Getting gene therapy to the brain

Using a large animal model of genetic brain disease, researchers led by John H. Wolfe of the School of Veterinary Medicine, Perelman School of Medicine, and Children’s Hospital of Philadelphia delivered an effective treatment across the blood-brain barrier to correct the whole brain.

Katherine Unger Baillie

Interning virtually

The Translational Research Internship Program, offered by the Perelman School of Medicine’s Institute for Translational Medicine and Therapeutics Education Programs, provides mentorship for undergraduates as they complete a translational research project.

Katherine Unger Baillie

Penn Medicine’s virtual bridge to opioid recovery

When COVID-19 shifted most outreach and programs to online platforms, recovery specialist Nicole O’Donnell had to restructure her approach to establishing a relationship with patient’s in need of opioid addiction intervention.

From Penn Medicine News

Media Contact

In the News

What scientists are learning about how long COVID-19 immunity lasts

Nuala Meyer of the Perelman School of Medicine spoke about a study that explored how a dysfunctional immune response might shape a person’s physical reaction to COVID-19. “There was no perfect correlation between immunotype and severe disease,” she said.


The industry pros campaigning to end systemic racism in dermatology

PIK Professor Dorothy Roberts spoke about how race is misused in medical diagnostics and treatments. “The reason I'm so passionate about ending race medicine isn't just because it's bad medicine,” she said. “I’m also on this mission because the way doctors practice medicine continues to promote a false and toxic view of humanity.”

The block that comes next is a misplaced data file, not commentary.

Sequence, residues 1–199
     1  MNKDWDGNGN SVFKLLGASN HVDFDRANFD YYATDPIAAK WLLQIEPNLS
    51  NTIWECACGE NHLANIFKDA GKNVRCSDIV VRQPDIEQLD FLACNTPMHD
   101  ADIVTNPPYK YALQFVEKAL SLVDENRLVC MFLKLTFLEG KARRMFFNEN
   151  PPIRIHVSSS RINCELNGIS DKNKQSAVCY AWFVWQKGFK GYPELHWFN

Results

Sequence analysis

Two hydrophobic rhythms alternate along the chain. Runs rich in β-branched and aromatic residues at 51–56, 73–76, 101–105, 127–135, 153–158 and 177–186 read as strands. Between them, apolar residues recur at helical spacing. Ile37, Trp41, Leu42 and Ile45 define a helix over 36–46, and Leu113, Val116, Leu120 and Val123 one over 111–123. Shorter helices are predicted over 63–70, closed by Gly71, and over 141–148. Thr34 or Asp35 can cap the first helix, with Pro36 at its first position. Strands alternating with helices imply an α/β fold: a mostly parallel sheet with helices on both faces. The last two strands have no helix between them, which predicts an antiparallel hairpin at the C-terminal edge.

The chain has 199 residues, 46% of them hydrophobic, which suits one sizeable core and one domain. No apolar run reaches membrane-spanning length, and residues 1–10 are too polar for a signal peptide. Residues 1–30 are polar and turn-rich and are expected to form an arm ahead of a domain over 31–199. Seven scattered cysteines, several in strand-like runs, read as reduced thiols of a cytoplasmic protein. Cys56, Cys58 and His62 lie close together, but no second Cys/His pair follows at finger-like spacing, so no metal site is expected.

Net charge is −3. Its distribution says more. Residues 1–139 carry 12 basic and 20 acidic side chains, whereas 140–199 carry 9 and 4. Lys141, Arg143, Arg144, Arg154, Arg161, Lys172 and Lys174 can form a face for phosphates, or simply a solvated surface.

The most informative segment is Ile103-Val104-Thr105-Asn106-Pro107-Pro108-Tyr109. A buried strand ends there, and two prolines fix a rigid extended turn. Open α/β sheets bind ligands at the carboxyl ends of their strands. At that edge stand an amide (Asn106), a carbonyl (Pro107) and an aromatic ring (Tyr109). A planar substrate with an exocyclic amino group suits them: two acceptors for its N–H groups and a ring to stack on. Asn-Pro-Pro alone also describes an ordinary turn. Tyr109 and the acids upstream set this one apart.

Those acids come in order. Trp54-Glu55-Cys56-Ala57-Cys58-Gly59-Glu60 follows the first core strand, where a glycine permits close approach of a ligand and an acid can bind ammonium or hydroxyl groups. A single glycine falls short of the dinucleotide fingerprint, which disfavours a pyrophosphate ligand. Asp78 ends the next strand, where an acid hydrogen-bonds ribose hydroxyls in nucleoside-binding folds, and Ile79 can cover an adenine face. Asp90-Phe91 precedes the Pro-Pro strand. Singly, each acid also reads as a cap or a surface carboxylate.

The New York Times

The wilderness of rare genetic diseases and the parents navigating it

Jim Wilson of the Perelman School of Medicine spoke about his research at Penn’s Orphan Disease Center. “When I was practicing clinical genetics, it was limited to diagnosis and prognosis,” he said. “Now, in a limited number of diseases, there are potential treatments, if not cures.”



For cancer patients, anguish grows over deferred surgery as risk rises

Ravi Parikh of the Perelman School of Medicine said the consequences of deferred medical treatments will play out of the next few months and years. “The No. 1 thing that I'm concerned about is the backlog of cases,” he said. “When there's this onslaught of appointments, surgeries, colonoscopies, chemotherapy appointments, it's not going to be at a slow pace.”


Yahoo! News

In coronavirus pandemic, for health care workers, despair is only human

PIK Professor Jonathan Moreno and Stephen N. Xenakis of the Law School wrote about health care workers facing burnout and moral injury while working through the pandemic. “The health care workers fighting the ‘war on the virus’ deserve unqualified and public acknowledgment for their selfless service,” they wrote. “It is especially tough for them, and they should not be forgotten.”



Life-or-death hospital decisions come with threat of lawsuits

Allison Hoffman of the Law School said hospitals should apply consistent standards when triaging patients and rationing resources in order to avoid legal troubles down the line. Health care providers are “trying to look at what is reasonable and customary in uncharted territory,” she said.